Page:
Monday, October 31, 2005

Commandos and Special Operations

Commandos and Special Operations: "Can't Get Enough Little Birds

October 31, 2005: The “commando Olympics” going on in Afghanistan has brought commando units from over a dozen countries together to pursue Islamic terrorists. In addition to all the cooperation, there’s also a lot comparing notes. One thing everyone has noted is the large number of useful gadgets American Special Forces troops have. The most envied item is the American Raven UAV. What makes this little (4.2 pounds) bird so popular is its low cost ($25,000 each) and performance (can stay in the air for 80 minutes at a time). The Raven is battery powered, and carries a color day vidcam, or a two color infrared night camera. Both cameras broadcast real time video back to the operator, who controls the Raven via a laptop computer. The Raven can go as fast as 90 kilometers an hour, but usually cruises between 40 and 50. It can go as far as 15 kilometers from its controller on the ground, and usually flies a preprogrammed route, using GPS for navigation. Each Raven unit consists of three UAVs and one ground control station. Ravens are launched by turning on the motor, and throwing it into the air. It lands by coming back to ground at a designated GPS location (and bouncing around a bit.) The Raven is made of Kevlar, the same material used in helmets and protective vests. On average, Raven can survive about 200 landings before it breaks something. While some Ravens have been shot down, the most common cause of loss is losing the communications link (as the aircraft flies out of range) or a software/hardware failure on the aircraft. Troops have taken to putting a label on each aircraft, saying, in the local language, that if the aircraft is returned to the nearest American military unit, there will be a reward. Several lost Ravens have been recovered this way.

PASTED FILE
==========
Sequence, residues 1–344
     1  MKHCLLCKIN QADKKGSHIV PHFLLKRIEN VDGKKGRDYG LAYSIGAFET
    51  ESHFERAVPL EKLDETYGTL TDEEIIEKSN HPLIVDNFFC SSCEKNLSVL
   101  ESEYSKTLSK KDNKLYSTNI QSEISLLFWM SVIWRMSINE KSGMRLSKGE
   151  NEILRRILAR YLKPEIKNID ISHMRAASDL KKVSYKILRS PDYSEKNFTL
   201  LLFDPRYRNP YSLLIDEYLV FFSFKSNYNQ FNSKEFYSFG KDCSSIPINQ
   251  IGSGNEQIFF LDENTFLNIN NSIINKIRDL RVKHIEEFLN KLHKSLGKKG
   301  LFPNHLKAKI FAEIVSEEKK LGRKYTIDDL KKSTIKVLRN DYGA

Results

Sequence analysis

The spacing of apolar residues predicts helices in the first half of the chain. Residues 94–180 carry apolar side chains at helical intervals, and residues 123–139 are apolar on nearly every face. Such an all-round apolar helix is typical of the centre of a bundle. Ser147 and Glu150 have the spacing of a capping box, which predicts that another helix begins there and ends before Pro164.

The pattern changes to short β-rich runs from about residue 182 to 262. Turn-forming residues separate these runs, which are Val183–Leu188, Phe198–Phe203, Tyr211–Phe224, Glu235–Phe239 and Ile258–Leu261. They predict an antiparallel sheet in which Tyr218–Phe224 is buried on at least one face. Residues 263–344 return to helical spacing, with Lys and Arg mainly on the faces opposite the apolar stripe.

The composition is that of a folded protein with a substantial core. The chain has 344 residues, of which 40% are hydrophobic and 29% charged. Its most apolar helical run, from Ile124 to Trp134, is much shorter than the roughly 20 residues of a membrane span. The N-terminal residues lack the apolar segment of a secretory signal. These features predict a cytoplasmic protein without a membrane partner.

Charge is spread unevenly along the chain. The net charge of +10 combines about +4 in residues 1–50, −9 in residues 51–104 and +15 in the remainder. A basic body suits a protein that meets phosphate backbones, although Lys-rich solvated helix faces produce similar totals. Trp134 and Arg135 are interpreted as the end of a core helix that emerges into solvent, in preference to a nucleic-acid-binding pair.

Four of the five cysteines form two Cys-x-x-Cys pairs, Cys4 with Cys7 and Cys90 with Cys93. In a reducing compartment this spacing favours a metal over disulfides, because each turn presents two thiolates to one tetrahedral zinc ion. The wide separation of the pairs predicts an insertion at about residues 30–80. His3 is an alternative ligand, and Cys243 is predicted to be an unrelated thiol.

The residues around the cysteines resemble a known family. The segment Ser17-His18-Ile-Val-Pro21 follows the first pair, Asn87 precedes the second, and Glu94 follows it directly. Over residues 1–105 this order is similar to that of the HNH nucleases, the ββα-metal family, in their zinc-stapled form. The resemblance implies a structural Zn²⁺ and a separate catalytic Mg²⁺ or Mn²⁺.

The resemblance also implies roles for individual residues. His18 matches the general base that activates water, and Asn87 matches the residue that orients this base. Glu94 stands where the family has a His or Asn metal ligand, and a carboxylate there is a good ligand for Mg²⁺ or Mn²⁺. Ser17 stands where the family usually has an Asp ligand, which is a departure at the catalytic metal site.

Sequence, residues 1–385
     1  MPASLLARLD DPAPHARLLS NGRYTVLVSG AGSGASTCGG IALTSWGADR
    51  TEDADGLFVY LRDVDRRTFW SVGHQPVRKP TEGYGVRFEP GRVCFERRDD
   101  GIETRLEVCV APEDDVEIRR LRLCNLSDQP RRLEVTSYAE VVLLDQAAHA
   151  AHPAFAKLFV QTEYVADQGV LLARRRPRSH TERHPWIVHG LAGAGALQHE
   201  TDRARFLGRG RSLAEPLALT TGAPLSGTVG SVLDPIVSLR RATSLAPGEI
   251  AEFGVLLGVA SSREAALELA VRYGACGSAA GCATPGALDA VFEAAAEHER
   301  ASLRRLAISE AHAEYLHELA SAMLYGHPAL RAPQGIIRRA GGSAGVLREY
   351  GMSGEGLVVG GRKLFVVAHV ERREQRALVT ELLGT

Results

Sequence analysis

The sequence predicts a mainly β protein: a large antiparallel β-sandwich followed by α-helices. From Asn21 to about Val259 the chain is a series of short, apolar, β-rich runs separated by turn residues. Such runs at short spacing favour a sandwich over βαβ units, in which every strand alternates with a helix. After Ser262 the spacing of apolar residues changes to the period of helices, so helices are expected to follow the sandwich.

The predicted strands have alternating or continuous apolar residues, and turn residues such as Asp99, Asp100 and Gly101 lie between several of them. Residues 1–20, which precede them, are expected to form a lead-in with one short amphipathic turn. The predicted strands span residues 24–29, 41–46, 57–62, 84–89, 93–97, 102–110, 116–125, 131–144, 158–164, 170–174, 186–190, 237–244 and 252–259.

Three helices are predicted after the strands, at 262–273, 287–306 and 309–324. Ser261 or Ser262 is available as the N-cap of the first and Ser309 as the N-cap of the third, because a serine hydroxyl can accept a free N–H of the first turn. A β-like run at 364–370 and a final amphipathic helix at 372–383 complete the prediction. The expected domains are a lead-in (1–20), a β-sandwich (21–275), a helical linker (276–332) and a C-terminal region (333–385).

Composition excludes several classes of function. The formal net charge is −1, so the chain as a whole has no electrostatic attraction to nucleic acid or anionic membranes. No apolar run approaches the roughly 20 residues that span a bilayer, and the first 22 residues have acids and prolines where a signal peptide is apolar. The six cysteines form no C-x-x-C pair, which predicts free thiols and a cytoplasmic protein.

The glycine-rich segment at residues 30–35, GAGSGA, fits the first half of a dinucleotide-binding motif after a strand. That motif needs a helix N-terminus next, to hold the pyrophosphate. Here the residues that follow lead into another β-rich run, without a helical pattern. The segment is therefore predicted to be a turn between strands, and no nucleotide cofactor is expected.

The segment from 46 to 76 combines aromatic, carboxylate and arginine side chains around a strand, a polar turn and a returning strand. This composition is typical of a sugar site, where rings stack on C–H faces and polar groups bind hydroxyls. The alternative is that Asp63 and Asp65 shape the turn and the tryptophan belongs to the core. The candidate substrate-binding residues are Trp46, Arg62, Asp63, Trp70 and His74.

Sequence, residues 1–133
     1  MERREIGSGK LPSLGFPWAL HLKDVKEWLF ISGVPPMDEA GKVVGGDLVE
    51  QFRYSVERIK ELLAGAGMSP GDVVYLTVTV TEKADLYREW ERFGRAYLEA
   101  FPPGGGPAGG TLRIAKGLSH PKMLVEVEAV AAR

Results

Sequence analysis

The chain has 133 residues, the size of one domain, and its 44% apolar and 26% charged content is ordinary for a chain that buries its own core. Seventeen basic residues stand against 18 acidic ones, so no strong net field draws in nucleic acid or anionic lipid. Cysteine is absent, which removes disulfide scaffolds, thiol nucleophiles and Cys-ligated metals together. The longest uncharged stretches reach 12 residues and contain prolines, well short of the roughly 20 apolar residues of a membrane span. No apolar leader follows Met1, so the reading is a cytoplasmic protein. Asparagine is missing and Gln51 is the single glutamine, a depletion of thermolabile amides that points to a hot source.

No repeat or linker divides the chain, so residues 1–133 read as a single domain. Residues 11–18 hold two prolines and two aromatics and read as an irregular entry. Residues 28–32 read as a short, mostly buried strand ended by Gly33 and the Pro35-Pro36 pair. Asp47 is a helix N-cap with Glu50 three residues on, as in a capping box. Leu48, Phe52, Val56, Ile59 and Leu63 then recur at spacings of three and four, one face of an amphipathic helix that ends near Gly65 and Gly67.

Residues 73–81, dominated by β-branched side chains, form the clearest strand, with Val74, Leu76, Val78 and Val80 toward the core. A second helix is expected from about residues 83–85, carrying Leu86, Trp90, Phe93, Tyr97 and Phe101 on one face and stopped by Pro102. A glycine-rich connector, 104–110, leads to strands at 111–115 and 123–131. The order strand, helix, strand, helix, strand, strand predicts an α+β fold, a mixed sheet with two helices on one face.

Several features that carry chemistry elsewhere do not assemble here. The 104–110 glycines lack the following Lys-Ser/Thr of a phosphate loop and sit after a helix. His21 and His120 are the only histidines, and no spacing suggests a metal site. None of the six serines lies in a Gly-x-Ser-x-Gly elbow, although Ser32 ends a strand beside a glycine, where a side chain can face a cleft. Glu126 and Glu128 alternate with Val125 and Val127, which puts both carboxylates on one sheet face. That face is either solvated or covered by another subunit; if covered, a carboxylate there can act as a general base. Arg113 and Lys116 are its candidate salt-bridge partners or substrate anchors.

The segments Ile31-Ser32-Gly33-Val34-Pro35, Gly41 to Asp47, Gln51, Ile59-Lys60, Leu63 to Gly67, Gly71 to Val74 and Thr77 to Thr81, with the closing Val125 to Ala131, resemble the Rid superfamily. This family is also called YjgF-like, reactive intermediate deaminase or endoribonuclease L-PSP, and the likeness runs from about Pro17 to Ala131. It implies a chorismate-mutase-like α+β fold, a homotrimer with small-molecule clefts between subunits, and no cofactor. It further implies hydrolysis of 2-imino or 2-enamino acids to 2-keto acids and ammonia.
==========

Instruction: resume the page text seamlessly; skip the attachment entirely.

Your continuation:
Several foreign special operations organizations have expressed an interest in American UAVs, and the way they are used in the field. The British SAS recently purchased a larger micro UAV, the BUSTER (backpack unmanned surveillance targeting and enhanced reconnaissance). Similar to the Raven, each aircraft weighs ten pounds, is launched via a small catapult, and lands via a built- in parachute. BUSTER’s big advantage is that it can stay in the air for four hours at a time, and fly as high as 10,000 feet. "

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